NAFLD is a major health concern in Western countries, with one in four people, including children, affected.
The international collaboration led by Associate Professor Mohammed Eslam and Professor Jacob George of the Westmead Institute for Medical Research, studied more than 1,000 patients with NAFLD to establish a link between genes and a build-up of fat in the liver, known as hepatic steatosis.
The team found that three genetic variations – FNDC5 rs3480, PNPLA3 1148M, and TM6SF2 E167K – were linked to increased fat in the liver.
Lead author Dr Mayada Metwally said the findings strengthened the link between genetics and liver disease, which could lead to new treatment options.
“Hepatic steatosis is one of the major risk factors for NAFLD, so if we can understand its causes, we can work towards preventing it,” she explained.
“We’ve previously thought that genes such as FNDC5, which help make a protein called irisin, play a role in depositing fat in the liver, but this is the first time we’ve demonstrated the link and identified the mechanisms.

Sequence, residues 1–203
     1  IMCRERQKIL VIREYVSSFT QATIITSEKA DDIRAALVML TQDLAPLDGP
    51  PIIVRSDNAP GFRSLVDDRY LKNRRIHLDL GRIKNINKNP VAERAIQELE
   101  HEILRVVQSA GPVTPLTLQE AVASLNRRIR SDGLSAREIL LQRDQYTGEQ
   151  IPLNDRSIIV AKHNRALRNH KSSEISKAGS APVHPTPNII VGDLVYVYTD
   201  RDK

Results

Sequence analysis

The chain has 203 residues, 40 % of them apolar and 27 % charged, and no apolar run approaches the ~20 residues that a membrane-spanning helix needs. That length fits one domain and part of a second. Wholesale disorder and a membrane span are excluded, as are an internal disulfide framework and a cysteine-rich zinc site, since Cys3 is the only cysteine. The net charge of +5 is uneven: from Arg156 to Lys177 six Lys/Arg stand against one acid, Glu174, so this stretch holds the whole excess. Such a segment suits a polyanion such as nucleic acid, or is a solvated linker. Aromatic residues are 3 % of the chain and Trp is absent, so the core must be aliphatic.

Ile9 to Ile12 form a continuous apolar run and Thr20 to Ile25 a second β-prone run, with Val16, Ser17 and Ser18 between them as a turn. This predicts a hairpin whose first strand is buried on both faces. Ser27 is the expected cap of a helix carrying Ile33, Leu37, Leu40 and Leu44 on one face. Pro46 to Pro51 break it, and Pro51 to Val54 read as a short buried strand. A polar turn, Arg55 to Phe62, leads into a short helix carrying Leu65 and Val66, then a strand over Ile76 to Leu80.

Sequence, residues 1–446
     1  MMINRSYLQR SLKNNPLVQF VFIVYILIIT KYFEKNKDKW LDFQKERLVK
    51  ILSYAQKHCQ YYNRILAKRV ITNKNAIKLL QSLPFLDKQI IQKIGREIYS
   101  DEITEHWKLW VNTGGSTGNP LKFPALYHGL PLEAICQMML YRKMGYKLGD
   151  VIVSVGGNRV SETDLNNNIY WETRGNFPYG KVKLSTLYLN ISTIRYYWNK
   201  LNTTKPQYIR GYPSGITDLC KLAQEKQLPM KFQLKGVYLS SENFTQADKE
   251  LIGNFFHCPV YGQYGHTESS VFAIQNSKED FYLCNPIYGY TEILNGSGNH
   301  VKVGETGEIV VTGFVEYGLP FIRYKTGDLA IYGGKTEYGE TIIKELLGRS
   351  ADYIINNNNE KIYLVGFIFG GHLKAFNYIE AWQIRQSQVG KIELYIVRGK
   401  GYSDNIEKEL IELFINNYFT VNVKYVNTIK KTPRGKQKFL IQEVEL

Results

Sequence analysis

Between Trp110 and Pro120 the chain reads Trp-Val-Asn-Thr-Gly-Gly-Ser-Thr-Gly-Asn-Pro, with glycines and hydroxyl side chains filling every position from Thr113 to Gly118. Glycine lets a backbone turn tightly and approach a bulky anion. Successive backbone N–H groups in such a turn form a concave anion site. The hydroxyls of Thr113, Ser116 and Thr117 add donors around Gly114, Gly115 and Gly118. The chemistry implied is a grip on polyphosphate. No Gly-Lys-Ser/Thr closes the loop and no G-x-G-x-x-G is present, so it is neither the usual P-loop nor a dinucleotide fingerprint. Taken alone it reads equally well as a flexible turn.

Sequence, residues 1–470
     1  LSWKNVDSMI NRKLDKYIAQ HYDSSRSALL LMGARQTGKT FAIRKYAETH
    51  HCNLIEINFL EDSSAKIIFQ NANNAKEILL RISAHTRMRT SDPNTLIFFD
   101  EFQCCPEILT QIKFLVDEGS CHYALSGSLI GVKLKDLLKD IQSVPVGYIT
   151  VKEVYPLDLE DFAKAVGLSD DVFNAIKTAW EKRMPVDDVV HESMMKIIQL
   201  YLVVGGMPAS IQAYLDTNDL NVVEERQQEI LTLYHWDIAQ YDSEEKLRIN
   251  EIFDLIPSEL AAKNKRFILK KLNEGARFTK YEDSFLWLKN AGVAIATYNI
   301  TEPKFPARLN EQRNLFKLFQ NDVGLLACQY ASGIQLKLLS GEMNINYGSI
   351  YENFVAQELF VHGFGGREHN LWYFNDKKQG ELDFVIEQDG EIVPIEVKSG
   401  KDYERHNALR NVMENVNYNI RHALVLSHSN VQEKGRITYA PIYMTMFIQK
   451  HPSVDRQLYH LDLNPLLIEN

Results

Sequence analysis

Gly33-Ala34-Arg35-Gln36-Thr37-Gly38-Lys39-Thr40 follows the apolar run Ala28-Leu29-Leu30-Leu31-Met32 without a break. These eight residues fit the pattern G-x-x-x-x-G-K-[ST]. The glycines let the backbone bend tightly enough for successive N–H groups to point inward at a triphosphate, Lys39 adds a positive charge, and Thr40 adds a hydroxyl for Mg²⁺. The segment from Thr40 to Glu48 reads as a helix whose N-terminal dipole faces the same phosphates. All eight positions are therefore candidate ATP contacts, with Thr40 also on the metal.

“Our findings show that these genetic variants contribute to liver fat in people with NAFLD. The more variants a person has, the more likely they are to accumulate fat in the liver.”
Left untreated, NAFLD can also cause complications in the heart and kidneys.
“The growing number of people with NAFLD is alarming, particularly since many patients don’t develop symptoms until the condition is advanced,” Dr Metwally said.
“Understanding the genetic causes of NAFLD is crucial. We can now look towards targeting these genetic variations as a potential treatment to slow the progression of disease.”
This article has been republished from materials provided by The Westmead Institute. Note: material may have been edited for length and content. For further information, please contact the cited source.
A polymorphism in the Irisin-encoding gene (FNDC5) associates with hepatic steatosis by differential miRNA binding to the 3’UTR. Metwally, Mayada et al. Journal of Hepatology. DOI: https://doi.org/10.1016/j.jhep.2018.10.021